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Displaying posts in the category: Resources [Clear Filter]

Scales in scientific images

Posted by on August 6th, 2017

I recently saw drawings by Maria Sybilla Merian at Kupferstichkabinett Berlin and the University Library Dresden. Merian, who lived from 1647 to 1717, is renowned for her exceptional illustrations of biological specimens and gained recognition as a scientist for her nature observations, for example, of insect metamorphosis.     Merian evidently was genius in choosing[…]

9.5 million knockout mouse embryo images now available

Posted by on July 20th, 2017

A new set of DMDD embryo and placenta data has been released, taking our total dataset to 9.5 million images of around 1300 embryos. DMDD is a primary screen of embryonic lethal knockout mice, and all data can be freely accessed at dmdd.org.uk. Detailed phenotypes are available for embryos from 73 different knockout lines, and[…]

A New (and open-access!) Antibody Search Platform: BenchSci

Posted by on July 13th, 2017

Antibodies are one of the most commonly used research reagents. However, due to their innate variability, finding the right antibody can be a challenge. Scientists devote a significant amount of time sifting through the literature to find antibodies that have been shown to work under specific experimental contexts matching their research interests. This process often[…]

Biotagging: Behind the scenes (and beyond)

Posted by on May 16th, 2017

“It finally got accepted!”, fol­­lowed by “It’s finally out!” about a month later. I am certain this ‘finally’ feeling about their paper is very familiar to those well-acquainted with the peer review process, and it was no different for our recently published Resource article. The ‘biotagging paper’, as we call it within the Sauka-Spengler lab,[…]

Funding for clinical translation of tissue regeneration technologies

Posted by on May 9th, 2017

We are pleased to announce the Center for Dental, Oral, Craniofacial Tissue and Organ Regeneration (C-DOCTOR – www.c-doctor.org) RFP that will award funding to promising dental, oral and craniofacial tissue engineering and regenerative medicine technologies and help them advance toward human clinical trials through customized product development advice and core resources. Please see the full[…]

Color-blind people are your audience too!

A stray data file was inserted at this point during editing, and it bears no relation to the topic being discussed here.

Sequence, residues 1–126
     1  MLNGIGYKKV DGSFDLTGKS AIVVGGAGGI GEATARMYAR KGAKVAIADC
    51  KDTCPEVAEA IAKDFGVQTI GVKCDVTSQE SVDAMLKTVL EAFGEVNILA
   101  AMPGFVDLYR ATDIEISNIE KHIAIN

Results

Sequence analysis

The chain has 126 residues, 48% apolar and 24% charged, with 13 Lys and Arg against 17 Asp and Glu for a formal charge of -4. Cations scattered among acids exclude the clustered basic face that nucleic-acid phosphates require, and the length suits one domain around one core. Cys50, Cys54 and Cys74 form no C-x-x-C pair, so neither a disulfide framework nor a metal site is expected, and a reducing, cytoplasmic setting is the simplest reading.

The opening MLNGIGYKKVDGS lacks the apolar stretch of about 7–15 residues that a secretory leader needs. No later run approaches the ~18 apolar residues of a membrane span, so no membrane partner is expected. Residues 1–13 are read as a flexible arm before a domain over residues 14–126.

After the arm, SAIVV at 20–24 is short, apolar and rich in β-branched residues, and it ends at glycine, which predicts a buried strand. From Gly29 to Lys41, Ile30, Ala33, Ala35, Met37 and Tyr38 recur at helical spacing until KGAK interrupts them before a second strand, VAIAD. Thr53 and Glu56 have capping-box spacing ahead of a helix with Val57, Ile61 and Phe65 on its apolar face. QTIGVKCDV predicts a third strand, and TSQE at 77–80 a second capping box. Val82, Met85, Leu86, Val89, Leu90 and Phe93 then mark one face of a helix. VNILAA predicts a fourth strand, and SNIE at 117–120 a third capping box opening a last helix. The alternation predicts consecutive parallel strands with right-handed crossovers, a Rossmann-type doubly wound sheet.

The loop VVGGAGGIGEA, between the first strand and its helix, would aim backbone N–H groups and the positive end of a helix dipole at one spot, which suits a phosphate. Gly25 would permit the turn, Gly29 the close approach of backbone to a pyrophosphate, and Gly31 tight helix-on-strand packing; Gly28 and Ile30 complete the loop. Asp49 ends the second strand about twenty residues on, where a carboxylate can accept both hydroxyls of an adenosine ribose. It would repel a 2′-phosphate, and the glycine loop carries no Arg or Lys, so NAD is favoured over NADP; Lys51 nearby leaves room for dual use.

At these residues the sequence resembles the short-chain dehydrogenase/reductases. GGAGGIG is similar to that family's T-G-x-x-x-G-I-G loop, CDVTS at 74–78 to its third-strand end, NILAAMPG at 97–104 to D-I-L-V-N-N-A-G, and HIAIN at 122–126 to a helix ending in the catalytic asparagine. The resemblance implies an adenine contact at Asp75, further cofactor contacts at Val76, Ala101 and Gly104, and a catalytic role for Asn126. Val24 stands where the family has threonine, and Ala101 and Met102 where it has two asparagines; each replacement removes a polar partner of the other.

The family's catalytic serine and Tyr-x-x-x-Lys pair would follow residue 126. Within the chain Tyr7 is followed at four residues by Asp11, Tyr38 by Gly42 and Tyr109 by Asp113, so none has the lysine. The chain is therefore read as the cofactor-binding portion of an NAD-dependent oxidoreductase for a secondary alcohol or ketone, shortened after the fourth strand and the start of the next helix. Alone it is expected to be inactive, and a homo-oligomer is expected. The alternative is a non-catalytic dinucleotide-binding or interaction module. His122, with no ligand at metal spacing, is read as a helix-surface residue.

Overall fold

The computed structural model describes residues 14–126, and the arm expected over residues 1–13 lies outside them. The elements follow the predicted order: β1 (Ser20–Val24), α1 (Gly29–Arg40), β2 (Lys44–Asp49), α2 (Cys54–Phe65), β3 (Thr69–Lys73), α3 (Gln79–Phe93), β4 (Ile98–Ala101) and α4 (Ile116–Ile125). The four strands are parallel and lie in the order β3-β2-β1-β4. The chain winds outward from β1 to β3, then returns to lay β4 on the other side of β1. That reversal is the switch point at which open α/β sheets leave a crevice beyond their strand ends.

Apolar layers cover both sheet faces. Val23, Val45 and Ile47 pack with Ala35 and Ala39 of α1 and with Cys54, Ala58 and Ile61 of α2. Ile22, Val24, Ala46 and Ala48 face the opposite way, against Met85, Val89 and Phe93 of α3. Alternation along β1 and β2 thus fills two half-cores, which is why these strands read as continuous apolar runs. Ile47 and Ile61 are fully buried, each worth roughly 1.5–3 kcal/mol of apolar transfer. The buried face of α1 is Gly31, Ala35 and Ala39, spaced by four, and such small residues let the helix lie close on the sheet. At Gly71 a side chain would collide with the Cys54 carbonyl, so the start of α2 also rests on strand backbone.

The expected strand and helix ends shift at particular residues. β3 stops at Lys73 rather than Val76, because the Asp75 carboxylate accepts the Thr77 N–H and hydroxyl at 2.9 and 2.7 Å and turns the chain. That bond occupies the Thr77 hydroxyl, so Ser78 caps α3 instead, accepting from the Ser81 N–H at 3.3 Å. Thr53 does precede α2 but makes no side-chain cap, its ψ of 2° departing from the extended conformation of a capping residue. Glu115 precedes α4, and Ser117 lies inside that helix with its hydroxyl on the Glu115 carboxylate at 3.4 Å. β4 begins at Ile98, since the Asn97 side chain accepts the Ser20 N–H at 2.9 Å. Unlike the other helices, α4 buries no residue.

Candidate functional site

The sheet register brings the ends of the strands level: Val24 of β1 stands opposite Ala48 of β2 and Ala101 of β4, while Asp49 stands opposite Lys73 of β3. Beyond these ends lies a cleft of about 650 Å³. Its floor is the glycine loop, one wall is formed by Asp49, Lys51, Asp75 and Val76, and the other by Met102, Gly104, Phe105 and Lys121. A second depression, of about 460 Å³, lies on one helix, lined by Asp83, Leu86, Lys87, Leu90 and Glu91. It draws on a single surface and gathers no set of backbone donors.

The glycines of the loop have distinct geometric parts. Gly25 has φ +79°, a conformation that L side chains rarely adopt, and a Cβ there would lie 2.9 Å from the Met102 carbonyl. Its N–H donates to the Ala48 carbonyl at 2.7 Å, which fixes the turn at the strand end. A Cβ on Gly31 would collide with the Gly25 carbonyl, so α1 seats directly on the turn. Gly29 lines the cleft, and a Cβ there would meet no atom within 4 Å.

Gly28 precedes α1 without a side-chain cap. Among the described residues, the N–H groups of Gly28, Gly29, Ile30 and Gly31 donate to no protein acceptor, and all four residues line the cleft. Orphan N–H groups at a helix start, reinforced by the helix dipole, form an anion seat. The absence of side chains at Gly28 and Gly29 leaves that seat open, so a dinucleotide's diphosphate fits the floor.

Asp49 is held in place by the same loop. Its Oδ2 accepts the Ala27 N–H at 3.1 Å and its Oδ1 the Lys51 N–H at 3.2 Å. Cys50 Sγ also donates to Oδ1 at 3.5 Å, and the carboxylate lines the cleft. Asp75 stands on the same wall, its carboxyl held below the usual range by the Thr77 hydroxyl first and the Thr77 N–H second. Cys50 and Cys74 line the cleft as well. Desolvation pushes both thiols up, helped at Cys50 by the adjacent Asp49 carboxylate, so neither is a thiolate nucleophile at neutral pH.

Posted by on April 27th, 2017

Or, please stop mixing green/red Color is a key aspect of graphic design, but for many years was not relevant for scientific figures that were largely black and white. Falling prices for color print and electronic publishing changed this dramatically and scientists now frequently produce multi-colored figures. Using color functionally is not always straightforward but[…]

Recognition and metrics for peer review activity: reviewercredits.com

Posted by on April 25th, 2017

In this post, I would like to introduce to “The Node” our website, reviewercredits.com, launched last July by myself and my friend Robert Fruscio. We are both physicians (I’m in critical care, he is in Gynecological oncology) and several times we chatted about peer review: we always realized how this activity is poorly recognized, despite[…]

STEM Graduates announce partnership with the Science Council

Posted by on March 30th, 2017

STEM Graduates is a graduate recruitment agency and jobs board. We offer permanent salaried roles to students and graduates from Science, Technology, Engineering and Mathematics disciplines. We believe these candidates have a unique set of career needs that can only be met by a specialist within this field. We launched STEM Women in 2016 to[…]

A New Way To Look At Human Development

Posted by on March 29th, 2017

  Throughout history, the desire of scientists to understand physiology and disease by thoroughly studying anatomical features, has always faced an intractable limitation: they cannot simply see through the tissue! Dissection has therefore been the modus operandi of anatomists: from Galen’s pioneering studies, to modern day biologists who routinely section tissues to label structures for[…]

Transposons in Embryo Space – TRACER maps in EMAGE

Posted by on February 9th, 2017

A recent publication in Developmental Biology by (Armit et al., 2017) describes how the TRACER dataset can be spatially compared with in situ hybridisation gene expression profiles.   The TRACER dataset of transposon-associated regulatory sensors (Chen et al., 2013) utilises Sleeping Beauty lacZ transposons that have been randomly integrated into the mouse genome Hundreds of[…]